Several must be thinking how “dangerous” it is to be praised by an organization as “despicable” as the IMF, which is still “suspicious.” Others may affirm that this refers to macroeconomic figures that do not mean improvements for the humble people of Nicaragua.

But it must be known that Nicaragua’s economic successes have allowed the government to take measures to improve governance and anti-corruption frameworks while raising the population’s standard of living. In this area, theAttorney General’s Office of the Republic of Nicaragua has delivered more than 650,000 property titles to as many Nicaraguan families between 2007 and 2023. With this, the well-being of the humblest citizens has been guaranteed by safeguarding for them and their families the legal security of ownership of their homes and land for work. In an unprecedented effort, the FSLN government has titled almost 500 thousand hectares since its return to power in 2007, allocating 31 million dollars to this end, which allowed the process to be completely free for the beneficiaries, thus also contributing to stability. and peace of mind for families.

In another order, it is important to know that the Nicaraguan economy is in a “moderate but sustained” expansionary dynamic with solid growth in its GDP, even reaching 4.5% in 2023, a figure that exceeds the IMF’s own forecast for that anus.

In an interview for the Russian media Sputnik in Spanish, the president of the Central Bank of Nicaragua (BCN) Ovidio Reyes, and the deputy of the National Assembly Wálmaro Gutiérrez explained that after the setback caused by the 2018 coup attempt and the pandemic from 2020 to 2021, the country’s economy entered a dynamic of clear recovery and growth. This is manifested in three consecutive years of economic expansion, which has had a clear impact on “commerce, vehicular circulation and the movement of people.”

Reyes and Gutiérrez affirmed that in Nicaragua a positive economic dynamism was being observed in the commercial, hotel and restaurant sectors, as well as financial activities and the manufacturing industry. They assured that the country already has “consolidated economic growth and has the motor going on very well”. According to them, the key has been the reduction in inflation recorded at 5.65% last November, when at the end of 2022 it stood at 11%.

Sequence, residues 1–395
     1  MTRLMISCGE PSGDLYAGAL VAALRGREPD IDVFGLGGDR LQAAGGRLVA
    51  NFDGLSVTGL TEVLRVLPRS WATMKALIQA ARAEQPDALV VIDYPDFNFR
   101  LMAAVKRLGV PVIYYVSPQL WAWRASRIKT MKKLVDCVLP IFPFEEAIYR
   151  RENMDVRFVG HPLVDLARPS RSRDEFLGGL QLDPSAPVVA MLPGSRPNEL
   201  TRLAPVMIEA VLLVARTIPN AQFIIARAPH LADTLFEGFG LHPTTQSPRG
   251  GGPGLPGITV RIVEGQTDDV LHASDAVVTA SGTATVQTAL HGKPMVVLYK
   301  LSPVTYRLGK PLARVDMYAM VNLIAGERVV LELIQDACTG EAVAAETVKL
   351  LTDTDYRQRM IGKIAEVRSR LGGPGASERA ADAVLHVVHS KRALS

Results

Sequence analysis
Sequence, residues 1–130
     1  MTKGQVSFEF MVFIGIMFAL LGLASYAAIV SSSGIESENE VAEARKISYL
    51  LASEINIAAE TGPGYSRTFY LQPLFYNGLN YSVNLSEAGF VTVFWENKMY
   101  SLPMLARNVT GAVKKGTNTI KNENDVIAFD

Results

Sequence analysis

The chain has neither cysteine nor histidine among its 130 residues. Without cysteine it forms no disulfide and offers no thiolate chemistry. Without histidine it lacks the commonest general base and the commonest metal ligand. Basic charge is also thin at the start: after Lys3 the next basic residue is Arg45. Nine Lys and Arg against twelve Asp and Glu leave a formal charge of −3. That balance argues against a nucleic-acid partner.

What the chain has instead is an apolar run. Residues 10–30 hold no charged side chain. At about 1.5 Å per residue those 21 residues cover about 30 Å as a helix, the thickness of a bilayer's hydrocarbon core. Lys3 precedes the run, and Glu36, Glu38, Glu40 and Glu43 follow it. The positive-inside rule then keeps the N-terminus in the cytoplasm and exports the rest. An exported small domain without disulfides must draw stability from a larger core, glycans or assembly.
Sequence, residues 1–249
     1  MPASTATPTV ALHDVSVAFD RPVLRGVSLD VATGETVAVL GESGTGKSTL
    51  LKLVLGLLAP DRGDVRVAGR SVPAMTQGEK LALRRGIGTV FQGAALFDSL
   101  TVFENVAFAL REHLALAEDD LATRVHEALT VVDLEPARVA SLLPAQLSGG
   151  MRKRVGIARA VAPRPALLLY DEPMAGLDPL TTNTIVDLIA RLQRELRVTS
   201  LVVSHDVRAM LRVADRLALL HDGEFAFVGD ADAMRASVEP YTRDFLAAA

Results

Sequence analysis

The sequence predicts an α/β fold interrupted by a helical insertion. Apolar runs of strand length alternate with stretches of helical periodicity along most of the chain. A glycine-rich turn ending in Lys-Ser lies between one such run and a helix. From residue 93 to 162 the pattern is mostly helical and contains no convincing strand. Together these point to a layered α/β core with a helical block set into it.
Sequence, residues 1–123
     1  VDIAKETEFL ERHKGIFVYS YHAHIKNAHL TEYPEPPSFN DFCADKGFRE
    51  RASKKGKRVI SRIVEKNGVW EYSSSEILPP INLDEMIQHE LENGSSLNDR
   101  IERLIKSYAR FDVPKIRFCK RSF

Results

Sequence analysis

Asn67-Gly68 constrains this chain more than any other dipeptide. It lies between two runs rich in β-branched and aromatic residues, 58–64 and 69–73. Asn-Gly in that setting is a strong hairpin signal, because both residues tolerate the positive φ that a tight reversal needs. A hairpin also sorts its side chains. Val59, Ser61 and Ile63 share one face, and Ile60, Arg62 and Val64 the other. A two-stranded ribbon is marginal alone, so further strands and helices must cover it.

Other figures worth highlighting are the historical record in the accumulation ofinternational reserves, which closed the year 2023 with around 5.3 billion dollarsas well as the rising tourism industry. Likewise, Nicaragua ended the year with a budget surplus due to the increase in direct and indirect tax collection, making it possible to guarantee subsidies for fuel, energy and drinking water services, public transportation in Managua and the Caribbean, retirees and universities.

By 2024, even lower inflation is expected, as well as an increase in foreign direct investment that comes to the country confident in the good management of the economy and high levels of citizen and legal security for investments. As of October 2023, the country registered a 3% growth in exports valued at 3,449 million dollars, while family remittances reached more than 3,800 million dollars as of October. In the same way, a reduction in unemployment is also expected to bring it to 3-3.5%.

On another level, it is worth saying that the economic success and the surplus in the budget have allowed the decision to be made to allocate 56.3% of it for social investment: in health 21%, in education 21.7%, in housing and community services 9%, social protection 3.5% and recreation, culture and religion 1.1%.

With this, the FSLN government led by Commandante Daniel Ortega has managed to reverse the dark situation in which the neoliberal governments that led it for 17 years until 2007 left the country.

Of particular importance has been the investment that the Sandinista government has made in health. The public investment program multiplied by 5 in these years, reaching 97 million dollars in 2022 while the budget of the Ministry of Health increased by 6.5 times, reaching approximately 614 million dollars.